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One of the most bracing and clear-eyed mediations on alienation and depression ever written, No Longer Human, follows Ōba Yōzō (a loose stand in for Dazai himself) through his life, from young boy to adult, as he tries and fails repeatedly to in some way exist within a society he feels unable to connect to. Lacking the self-pity that would have marred lesser works, No Longer Human is an unflinching yet powerful look at the way desolation can twist someone to the point of feeling completely dejected from the world around them.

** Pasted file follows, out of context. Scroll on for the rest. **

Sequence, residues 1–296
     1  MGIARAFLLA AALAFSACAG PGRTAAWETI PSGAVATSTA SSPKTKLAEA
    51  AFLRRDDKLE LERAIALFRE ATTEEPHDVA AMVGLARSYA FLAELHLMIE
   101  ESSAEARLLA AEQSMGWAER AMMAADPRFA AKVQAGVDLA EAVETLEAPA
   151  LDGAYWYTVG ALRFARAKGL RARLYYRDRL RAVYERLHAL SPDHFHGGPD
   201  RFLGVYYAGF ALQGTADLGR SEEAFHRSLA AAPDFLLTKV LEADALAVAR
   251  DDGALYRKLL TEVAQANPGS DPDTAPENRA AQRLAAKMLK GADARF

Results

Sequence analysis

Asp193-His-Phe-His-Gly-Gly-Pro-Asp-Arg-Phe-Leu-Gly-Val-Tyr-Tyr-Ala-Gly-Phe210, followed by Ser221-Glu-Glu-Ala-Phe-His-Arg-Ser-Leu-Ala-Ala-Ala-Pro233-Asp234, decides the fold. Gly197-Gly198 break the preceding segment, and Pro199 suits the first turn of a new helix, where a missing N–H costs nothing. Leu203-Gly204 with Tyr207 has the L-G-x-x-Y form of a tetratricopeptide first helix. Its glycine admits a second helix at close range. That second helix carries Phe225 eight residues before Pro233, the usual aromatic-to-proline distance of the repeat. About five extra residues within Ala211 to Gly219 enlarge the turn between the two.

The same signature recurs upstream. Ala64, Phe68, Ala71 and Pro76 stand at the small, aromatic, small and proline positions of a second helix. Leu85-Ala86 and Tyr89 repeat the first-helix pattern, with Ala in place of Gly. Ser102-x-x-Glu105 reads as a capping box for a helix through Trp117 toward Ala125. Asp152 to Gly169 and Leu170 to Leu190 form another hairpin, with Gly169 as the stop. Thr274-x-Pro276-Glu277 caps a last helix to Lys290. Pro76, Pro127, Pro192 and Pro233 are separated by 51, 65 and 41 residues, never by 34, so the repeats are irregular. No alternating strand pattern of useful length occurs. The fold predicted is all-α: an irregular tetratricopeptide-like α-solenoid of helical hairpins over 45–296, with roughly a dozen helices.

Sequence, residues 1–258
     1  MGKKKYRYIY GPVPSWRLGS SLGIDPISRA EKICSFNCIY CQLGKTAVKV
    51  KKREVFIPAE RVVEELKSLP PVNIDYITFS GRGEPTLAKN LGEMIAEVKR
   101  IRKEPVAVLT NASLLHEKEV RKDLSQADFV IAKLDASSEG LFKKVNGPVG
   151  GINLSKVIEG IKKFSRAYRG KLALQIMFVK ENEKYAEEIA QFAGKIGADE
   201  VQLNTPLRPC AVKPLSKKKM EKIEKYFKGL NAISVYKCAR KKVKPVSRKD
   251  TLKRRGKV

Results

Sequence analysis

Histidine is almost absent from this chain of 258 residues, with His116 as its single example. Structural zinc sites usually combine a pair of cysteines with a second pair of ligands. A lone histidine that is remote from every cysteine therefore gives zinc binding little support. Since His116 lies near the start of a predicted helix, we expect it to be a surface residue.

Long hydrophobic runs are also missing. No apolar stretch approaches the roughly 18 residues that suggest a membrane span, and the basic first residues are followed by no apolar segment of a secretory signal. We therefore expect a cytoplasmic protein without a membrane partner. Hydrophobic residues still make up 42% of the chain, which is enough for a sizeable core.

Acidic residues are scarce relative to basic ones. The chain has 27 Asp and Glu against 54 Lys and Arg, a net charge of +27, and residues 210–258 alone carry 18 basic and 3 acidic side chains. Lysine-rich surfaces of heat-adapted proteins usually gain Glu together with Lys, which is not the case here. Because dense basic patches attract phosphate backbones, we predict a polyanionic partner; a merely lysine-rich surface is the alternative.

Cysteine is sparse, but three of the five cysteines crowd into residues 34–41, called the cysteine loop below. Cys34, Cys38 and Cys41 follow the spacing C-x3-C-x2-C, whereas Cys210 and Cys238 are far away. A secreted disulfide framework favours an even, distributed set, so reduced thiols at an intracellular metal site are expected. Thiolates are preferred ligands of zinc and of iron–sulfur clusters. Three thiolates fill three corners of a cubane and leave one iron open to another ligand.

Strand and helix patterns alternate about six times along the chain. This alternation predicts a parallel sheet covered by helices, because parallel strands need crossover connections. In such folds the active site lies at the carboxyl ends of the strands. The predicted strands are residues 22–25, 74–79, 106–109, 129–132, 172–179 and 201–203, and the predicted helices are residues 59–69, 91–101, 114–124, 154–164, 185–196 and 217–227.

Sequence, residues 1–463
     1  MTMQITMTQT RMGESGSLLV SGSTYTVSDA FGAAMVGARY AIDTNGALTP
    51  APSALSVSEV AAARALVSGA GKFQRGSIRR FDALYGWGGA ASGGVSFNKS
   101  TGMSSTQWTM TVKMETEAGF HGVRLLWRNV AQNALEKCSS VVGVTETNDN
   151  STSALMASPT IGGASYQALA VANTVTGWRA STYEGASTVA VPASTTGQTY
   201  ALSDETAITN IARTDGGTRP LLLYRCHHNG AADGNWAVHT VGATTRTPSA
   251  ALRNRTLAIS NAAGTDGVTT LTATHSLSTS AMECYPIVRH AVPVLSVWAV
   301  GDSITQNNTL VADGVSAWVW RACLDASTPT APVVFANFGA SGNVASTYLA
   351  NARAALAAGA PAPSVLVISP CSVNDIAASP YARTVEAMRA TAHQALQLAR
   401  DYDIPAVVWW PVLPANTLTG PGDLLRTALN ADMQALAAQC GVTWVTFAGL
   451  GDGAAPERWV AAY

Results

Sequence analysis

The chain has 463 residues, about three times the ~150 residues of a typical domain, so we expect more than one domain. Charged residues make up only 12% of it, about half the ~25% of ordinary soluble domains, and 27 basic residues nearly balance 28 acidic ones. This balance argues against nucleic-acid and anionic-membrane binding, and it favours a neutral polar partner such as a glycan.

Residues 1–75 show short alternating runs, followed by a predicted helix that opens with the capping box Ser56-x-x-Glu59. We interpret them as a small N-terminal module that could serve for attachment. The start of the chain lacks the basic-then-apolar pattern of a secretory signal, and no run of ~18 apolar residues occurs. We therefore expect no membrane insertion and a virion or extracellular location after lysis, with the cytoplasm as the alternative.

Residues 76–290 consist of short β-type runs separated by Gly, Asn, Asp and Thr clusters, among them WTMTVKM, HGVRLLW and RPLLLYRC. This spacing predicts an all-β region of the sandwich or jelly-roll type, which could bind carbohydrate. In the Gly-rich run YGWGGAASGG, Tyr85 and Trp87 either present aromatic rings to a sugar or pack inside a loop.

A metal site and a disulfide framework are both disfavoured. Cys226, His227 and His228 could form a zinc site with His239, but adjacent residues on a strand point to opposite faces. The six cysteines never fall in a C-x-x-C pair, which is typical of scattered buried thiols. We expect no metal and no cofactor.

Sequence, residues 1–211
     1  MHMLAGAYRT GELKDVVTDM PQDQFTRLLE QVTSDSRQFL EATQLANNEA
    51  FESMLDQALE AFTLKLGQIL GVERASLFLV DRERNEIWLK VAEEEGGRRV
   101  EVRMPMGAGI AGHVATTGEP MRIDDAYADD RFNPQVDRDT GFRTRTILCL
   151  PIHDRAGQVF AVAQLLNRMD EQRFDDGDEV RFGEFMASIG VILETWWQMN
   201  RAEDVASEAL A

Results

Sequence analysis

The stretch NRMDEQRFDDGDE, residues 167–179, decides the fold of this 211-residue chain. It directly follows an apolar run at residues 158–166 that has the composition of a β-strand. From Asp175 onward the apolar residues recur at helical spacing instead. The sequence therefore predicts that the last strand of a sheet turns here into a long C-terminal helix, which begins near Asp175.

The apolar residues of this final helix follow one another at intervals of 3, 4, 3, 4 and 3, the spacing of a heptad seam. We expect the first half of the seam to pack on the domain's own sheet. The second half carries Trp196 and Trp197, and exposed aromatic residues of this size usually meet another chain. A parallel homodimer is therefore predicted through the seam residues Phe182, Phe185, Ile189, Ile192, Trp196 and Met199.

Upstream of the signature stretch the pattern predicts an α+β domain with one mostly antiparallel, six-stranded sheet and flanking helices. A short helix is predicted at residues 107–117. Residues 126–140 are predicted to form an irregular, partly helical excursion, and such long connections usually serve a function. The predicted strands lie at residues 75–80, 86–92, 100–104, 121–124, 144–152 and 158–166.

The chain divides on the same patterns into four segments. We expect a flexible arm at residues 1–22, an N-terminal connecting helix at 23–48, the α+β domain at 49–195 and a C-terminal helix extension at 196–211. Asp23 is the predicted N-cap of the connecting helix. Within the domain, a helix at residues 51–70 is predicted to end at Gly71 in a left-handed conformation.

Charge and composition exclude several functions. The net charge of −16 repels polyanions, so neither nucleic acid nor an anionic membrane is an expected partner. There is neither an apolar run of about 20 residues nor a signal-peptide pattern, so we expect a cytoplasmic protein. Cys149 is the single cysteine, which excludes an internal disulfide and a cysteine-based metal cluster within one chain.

No longer human is one of the most famous novels of contemporary Japanese literature. His controversial and brilliant author, Osamu Dazai, incorporated numerous episodes of his turbulent life into the three notebooks that make up this novel and narrate, in the first person and a stark manner, the progressive decline of Yozo, a young student of provinces who leads a life Dissolute in Tokyo. Repudiated by his family after a suicide attempt and unable to live in harmony with his similar hypocrites, Yozo lives as a cartoonist and subsists thanks to the help of women who fall in love with him despite his alcoholism and morphine addiction.